django-pipeline is a Django application that will easily handle Javascript and CSS compression for you.

It integrates with Django awesomely, by:

This post explain how to set up pipeline along with cssmin and slimit for CSS and Javascript compression, in your Django project.

It is assumed that you already have a requirements.txt in your Django project, and ./ collectstatic is part of your deployment routine.

Install libraries

The first thing you need to do is install django-pipeline, cssmin, and slimit. You need Django>=1.4 or django-staticfiles>=1.2.1 for django-pipeline==1.3.0

Add the following to your requirements.txt:


Then re-run pip install -r requirements.txt

Configure your

There are a few changes you need to make to your to get django-pipeline running. These are:

  1. Add pipeline to the installed apps
  2. Change the staticfiles app’s file storage engine to
  3. Tell pipeline to use cssmin and slimit as the minification engines
  4. Tell pipeline where your css/js files are located

Here is an example configuration:



PIPELINE_CSS_COMPRESSOR = 'pipeline.compressors.cssmin.CSSMinCompressor'
PIPELINE_JS_COMPRESSOR = 'pipeline.compressors.slimit.SlimItCompressor'

    'my_app': {
        'source_filenames': (
        'output_filename': 'min.css',
        'variant': 'datauri',
    'my_app': {
        'source_filenames': (
        'output_filename': 'min.js',

The basic PipelineStorage engine is being used, but pipeline also provides other file storage engines, documented here

In the PIPELINE_CSS and PIPELINE_JS dictionaries, we have configurations labelled with my_app, that contain the Twitter bootstrap library, JQuery, along with custom CSS in the css/ directory and a custom Javascript file at js/app.js. The order of the entries in source_filenames is important if one library depends on another library.

The setting 'variant':'datauri' inside PIPELINE_CSS['my_app'] will tell django-pipeline to embed fonts and images directly inside your compiled CSS. You can read more about that here.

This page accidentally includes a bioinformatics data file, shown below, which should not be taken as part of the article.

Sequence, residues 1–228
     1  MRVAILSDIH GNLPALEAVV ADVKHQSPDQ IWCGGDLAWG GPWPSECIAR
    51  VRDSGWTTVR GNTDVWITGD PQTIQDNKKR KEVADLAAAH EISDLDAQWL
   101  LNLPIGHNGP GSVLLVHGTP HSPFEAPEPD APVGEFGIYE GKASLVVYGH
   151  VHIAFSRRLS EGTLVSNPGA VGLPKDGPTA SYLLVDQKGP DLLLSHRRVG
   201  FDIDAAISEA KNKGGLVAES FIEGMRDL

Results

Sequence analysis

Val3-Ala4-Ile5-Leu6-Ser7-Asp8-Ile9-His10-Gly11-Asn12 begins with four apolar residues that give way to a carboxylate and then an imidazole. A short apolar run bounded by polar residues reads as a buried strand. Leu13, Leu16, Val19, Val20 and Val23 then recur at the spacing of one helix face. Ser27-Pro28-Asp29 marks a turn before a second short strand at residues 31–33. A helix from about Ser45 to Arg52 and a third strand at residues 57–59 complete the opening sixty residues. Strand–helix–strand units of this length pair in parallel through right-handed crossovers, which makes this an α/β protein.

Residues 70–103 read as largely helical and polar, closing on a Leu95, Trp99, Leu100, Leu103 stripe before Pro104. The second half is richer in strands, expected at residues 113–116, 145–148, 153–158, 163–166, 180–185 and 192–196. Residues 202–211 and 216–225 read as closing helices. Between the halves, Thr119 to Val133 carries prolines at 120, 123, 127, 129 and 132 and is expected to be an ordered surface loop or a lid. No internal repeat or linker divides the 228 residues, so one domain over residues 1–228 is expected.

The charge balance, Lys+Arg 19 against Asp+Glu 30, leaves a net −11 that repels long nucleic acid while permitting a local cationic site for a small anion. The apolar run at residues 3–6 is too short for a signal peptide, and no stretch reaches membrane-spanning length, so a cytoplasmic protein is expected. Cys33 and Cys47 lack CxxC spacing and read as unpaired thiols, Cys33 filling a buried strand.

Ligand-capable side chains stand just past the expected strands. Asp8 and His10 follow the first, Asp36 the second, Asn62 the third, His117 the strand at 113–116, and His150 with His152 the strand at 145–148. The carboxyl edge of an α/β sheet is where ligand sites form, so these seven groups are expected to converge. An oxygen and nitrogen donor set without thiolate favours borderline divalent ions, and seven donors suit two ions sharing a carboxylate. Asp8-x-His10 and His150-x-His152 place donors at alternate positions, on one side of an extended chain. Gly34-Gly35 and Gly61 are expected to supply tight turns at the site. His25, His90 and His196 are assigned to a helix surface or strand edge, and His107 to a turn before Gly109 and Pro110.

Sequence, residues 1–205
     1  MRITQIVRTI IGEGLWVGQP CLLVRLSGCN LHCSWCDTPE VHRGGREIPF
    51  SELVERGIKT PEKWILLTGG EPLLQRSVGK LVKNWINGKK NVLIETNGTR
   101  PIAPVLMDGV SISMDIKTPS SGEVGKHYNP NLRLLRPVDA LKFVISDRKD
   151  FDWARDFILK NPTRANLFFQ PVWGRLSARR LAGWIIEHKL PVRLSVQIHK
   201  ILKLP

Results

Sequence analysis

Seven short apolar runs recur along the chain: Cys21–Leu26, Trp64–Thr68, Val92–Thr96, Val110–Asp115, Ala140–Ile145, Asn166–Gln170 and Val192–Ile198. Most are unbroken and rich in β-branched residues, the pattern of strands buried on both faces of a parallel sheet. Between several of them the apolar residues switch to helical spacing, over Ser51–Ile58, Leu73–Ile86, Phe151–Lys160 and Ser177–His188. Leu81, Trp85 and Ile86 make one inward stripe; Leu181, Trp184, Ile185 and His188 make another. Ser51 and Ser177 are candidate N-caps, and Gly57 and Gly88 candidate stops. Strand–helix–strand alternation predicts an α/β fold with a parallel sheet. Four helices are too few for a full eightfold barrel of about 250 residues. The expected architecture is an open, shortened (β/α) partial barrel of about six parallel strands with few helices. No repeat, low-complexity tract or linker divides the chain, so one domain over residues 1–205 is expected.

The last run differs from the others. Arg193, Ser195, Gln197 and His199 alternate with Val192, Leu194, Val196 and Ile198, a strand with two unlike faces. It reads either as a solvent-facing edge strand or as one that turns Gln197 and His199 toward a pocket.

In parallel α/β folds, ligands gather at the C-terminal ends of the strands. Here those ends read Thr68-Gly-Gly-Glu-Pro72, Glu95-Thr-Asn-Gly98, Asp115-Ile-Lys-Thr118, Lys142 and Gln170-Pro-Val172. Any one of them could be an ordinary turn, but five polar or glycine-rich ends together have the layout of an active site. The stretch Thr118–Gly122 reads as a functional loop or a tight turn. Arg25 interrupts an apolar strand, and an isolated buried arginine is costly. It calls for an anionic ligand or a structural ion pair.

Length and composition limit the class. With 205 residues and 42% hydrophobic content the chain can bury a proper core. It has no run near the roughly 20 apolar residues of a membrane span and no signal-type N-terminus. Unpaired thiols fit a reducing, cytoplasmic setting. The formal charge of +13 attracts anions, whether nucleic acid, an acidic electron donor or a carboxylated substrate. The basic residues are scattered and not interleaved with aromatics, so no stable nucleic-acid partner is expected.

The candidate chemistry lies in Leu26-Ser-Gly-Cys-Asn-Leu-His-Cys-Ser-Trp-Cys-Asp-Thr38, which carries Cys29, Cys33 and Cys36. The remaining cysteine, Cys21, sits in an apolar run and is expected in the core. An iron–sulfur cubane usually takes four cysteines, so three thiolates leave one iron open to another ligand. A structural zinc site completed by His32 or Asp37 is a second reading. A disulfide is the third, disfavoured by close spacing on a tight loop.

Change the lines in source_filenames of the PIPELINE_CSS and PIPELINE_JS dictionaries to point to CSS/JS files in your Django applications static directory. After you have done that, you should be able to run ./ collectstatic, which will generate min.css and min.js files in your STATIC_ROOT directory.

Add template tags to your base template

Now that the compressed CSS and Javascript files have been generated, you need to use the compressed template tags to include the files. Add the following inside the <head></head> of your base Django template:

{% load compressed %}
{% compressed_css 'my_app' %}
{% compressed_js 'my_app' %}

Depending on your DEBUG and PIPELINE settings, the template tag will either load the compressed files that were generated, or will load all of the original source files.

If the PIPELINE setting is not specified, source files will be loaded when DEBUG = True, and compressed files will be loaded when DEBUG = False. If PIPELINE = True, compressed files will be loaded, or if PIPELINE = False, source files will be loaded irrespective of the DEBUG setting.


Now your project will be able to serve up compressed JS and CSS files in production, while allowing you to work on the source files in development. I would recommend downloading all your third party libraries as source files in case you need to edit them easily.

django-pipeline is a popular library that is being actively developed as of early 2013. It has a lot of other awesome features that I haven’t explored yet, such as compilers for Coffeescript, LESS, SASS, etc, as well as compression libraries in addition to cssmin and slimit. Note that I chose to go with cssmin and slimit for ease of installation via pip.